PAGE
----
Routing of messages to other SMTP servers uses the domain part of the email address and is generally handled using the DNS (Domain Name System). M-Switch also allows for connections to be configured using MConsole to specific SMTP hosts. Reasons for doing this include:
- Internal routing that over-rides DNS based routing.
- Configuring security options, such as TLS for data confidentiality and SASL for peer authentication using passwords or strong authentication.
- Configuring one or more permanent SMTP connections, which will reduce message switching latency by removing the time needed to establish a connection.
M-Switch also routes based on the whole email address. This is referred to as LASER routing, after the Internet working group that developed a specification with this name that did not get published as a standard. M-Switch broadly follows that specification, with a number of extensions, and options to deal with directory servers that store information in a different way.
The key concept in LASER routing is that you search in an LDAP directory for a mailbox of the form firstname.lastname@example.org. Routing succeeds when an entry is correctly matched. Additional attributes in the entry can control with channel and host the message is then sent to. Typically, the match will use a default LMTP connection to a local M-Box server.
Three basic ways that LASER routing may be used in conjunction with domain based routing:
- Single domain system, such as a consumer ISP or enterprise. If the domain is local, LASER routing is used, otherwise domain routing is used.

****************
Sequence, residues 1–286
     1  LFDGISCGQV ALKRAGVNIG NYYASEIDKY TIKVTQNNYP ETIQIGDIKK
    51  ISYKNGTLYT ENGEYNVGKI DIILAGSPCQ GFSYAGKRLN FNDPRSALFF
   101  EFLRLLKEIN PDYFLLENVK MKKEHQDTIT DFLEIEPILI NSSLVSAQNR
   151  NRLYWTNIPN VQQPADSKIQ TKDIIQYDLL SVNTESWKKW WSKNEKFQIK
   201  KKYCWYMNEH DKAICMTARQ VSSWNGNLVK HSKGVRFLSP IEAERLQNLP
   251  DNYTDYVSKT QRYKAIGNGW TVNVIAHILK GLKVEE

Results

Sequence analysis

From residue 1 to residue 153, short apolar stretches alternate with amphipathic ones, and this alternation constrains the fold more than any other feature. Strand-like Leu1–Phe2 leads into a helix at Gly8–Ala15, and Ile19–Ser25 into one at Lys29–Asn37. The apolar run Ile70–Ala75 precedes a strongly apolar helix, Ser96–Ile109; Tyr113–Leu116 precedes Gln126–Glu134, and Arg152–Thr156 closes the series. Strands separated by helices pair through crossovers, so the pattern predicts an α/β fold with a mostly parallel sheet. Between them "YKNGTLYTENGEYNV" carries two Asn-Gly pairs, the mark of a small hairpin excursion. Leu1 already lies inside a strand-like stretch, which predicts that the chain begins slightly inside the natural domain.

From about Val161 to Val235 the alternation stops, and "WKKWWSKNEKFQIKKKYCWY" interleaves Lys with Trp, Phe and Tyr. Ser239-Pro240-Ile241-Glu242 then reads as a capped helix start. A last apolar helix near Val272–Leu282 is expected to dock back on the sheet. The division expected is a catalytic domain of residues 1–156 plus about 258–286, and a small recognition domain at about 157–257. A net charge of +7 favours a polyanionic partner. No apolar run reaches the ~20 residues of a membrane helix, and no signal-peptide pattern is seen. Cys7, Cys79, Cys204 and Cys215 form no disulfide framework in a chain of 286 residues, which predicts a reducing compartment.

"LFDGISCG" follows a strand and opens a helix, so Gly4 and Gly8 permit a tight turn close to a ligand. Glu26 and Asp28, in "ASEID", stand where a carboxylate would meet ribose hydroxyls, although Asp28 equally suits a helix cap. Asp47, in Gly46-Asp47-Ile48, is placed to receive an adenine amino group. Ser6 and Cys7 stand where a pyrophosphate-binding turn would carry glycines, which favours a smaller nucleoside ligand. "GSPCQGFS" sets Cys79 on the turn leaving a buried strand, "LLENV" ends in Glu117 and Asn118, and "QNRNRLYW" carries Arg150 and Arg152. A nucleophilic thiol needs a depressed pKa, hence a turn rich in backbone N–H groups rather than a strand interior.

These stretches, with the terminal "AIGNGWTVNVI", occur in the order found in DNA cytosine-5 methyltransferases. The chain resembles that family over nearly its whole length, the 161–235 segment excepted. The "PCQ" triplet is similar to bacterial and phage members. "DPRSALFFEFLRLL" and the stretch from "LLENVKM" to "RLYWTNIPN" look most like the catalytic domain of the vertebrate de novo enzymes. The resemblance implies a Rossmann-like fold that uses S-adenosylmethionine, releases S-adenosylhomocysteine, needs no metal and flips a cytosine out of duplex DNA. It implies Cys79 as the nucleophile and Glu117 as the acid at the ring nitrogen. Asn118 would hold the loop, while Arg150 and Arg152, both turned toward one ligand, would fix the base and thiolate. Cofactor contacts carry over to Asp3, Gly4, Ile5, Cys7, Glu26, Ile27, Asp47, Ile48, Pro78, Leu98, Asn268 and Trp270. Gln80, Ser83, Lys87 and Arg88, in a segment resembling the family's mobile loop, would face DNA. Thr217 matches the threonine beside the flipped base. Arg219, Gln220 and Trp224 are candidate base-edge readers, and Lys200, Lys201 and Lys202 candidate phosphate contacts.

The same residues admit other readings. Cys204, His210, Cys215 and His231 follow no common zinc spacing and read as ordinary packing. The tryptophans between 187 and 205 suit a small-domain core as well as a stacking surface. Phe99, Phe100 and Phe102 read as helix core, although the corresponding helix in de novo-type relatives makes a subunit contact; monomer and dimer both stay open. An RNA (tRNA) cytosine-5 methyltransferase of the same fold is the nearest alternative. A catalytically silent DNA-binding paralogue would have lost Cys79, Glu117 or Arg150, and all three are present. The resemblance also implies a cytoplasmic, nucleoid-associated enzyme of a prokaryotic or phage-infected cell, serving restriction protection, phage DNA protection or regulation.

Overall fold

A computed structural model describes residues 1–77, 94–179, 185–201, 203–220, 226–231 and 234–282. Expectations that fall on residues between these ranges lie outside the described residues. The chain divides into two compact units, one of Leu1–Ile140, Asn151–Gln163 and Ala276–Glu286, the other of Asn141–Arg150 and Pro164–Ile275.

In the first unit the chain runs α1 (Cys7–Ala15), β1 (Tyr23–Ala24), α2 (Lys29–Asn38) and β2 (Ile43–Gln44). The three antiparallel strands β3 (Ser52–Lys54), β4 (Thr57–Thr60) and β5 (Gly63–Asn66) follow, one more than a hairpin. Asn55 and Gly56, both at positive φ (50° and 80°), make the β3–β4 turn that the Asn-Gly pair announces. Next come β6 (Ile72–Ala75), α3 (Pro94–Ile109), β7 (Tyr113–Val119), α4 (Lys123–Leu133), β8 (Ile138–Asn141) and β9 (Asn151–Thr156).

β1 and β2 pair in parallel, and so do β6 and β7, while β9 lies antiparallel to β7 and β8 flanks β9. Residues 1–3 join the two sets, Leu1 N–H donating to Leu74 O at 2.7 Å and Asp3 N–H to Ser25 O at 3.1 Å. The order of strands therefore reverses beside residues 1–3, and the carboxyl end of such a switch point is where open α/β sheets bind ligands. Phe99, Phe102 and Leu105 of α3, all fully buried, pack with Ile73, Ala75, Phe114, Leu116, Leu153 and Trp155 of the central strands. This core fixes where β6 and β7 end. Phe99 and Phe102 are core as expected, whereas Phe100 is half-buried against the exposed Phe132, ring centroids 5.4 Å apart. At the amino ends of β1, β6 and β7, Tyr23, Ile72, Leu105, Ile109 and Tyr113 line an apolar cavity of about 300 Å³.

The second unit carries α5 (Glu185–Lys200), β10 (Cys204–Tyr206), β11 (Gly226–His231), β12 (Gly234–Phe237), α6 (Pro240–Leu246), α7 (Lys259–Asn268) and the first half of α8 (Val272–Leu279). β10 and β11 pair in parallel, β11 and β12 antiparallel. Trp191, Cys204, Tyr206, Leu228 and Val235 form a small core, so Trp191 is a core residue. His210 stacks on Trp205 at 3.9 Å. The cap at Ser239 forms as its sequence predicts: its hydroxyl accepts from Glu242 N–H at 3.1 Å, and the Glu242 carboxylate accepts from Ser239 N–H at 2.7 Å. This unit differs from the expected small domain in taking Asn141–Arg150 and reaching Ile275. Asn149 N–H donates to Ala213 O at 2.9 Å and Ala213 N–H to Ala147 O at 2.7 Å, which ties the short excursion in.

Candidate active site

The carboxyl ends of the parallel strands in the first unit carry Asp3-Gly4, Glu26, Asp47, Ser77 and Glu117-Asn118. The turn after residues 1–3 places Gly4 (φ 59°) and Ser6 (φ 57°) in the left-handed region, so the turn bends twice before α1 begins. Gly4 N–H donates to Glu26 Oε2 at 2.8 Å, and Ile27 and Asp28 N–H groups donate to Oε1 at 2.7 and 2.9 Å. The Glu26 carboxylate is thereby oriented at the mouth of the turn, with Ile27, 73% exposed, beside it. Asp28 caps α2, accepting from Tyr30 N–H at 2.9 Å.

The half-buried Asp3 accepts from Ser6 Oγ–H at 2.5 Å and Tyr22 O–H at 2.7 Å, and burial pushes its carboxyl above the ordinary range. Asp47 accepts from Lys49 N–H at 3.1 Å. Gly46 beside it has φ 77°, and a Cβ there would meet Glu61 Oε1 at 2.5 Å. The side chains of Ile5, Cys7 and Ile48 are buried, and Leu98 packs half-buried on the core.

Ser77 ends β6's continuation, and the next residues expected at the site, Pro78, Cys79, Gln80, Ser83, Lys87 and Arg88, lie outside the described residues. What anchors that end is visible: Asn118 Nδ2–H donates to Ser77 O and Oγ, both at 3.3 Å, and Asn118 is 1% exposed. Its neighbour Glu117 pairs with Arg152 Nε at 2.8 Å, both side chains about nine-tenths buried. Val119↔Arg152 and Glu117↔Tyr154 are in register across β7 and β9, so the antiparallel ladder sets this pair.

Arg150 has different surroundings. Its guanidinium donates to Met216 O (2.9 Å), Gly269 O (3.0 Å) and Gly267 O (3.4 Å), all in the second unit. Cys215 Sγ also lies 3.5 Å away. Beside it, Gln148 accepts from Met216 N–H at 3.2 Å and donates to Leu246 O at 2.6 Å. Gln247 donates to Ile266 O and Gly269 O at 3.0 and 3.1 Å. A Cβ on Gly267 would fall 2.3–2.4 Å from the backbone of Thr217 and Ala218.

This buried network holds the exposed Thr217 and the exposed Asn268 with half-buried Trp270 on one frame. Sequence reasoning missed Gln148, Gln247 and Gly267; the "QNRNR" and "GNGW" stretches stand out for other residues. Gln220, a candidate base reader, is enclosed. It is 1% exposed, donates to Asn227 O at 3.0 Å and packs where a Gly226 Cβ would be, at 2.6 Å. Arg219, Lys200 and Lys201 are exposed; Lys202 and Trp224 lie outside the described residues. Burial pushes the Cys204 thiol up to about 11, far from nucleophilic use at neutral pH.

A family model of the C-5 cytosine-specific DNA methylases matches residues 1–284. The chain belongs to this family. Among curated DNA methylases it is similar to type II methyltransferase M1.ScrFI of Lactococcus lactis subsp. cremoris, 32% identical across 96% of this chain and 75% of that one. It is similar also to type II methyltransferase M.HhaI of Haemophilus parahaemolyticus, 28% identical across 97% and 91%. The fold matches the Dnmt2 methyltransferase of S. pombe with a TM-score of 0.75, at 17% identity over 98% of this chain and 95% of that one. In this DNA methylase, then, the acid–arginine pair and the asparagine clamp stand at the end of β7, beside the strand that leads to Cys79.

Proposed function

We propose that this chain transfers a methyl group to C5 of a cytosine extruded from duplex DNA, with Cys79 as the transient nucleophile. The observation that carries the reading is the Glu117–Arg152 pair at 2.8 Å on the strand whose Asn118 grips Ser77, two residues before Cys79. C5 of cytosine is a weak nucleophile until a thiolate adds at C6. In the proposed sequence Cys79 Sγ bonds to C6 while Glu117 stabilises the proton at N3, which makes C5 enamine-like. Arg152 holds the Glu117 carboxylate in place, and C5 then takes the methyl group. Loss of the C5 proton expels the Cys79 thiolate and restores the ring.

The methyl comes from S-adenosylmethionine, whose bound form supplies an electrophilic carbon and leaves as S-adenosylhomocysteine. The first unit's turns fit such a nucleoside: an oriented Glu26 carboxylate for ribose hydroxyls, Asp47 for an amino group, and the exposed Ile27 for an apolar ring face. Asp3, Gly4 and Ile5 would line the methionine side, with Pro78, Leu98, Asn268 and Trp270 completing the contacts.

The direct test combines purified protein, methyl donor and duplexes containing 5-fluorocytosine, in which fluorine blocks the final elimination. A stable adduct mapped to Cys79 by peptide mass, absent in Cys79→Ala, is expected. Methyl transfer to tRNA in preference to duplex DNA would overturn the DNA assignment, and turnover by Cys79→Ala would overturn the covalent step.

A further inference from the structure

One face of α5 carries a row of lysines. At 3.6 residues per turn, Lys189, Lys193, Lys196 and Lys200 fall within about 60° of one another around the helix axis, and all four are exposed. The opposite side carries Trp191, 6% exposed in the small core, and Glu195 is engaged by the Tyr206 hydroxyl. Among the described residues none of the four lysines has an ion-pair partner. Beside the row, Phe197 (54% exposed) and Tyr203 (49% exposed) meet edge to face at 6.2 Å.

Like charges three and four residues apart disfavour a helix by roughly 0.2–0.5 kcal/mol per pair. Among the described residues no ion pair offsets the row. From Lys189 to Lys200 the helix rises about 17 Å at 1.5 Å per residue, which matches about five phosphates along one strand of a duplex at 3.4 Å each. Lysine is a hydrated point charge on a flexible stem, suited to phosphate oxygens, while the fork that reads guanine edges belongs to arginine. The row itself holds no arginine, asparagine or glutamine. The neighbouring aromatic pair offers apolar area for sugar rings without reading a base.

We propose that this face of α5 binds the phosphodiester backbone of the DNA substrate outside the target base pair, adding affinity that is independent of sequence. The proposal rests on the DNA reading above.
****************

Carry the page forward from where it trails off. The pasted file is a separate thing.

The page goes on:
- Hosted service, handling multiple domains on one server. LASER routing is used to a single directory server. If there is a match, the message is handled according to the match. If not, domain routing is used for authorized message submission.
- Boundary switching to multiple departmental servers. Domain routing looks to identify locally configured domains. A match will identify the departmental LDAP server against which to do the LASER lookup, and the SMTP server to which matched addresses should be routed. This approach allows the boundary switch to fully validate email addresses by making use of existing LDAP servers.
M-Switch has flexible configuration that can support these setups and others. In addition to the core LASER routing, M-Switch also provides:
- A mechanism to specify alternate mailbox addresses.
- A list channel, that expands managed distribution lists.
- Sub-addressing support (joe+XXX@myorg.com).
M-Switch uses the Isode event handling system. Multiple event streams can be configured, with event access using Isode’s Event View, Unix Syslog, or Windows Event Manager. Isode events are documented with description and severity.
More details on the event system are given in this whitepaper on operational monitoring.
Audit Logging & Audit Database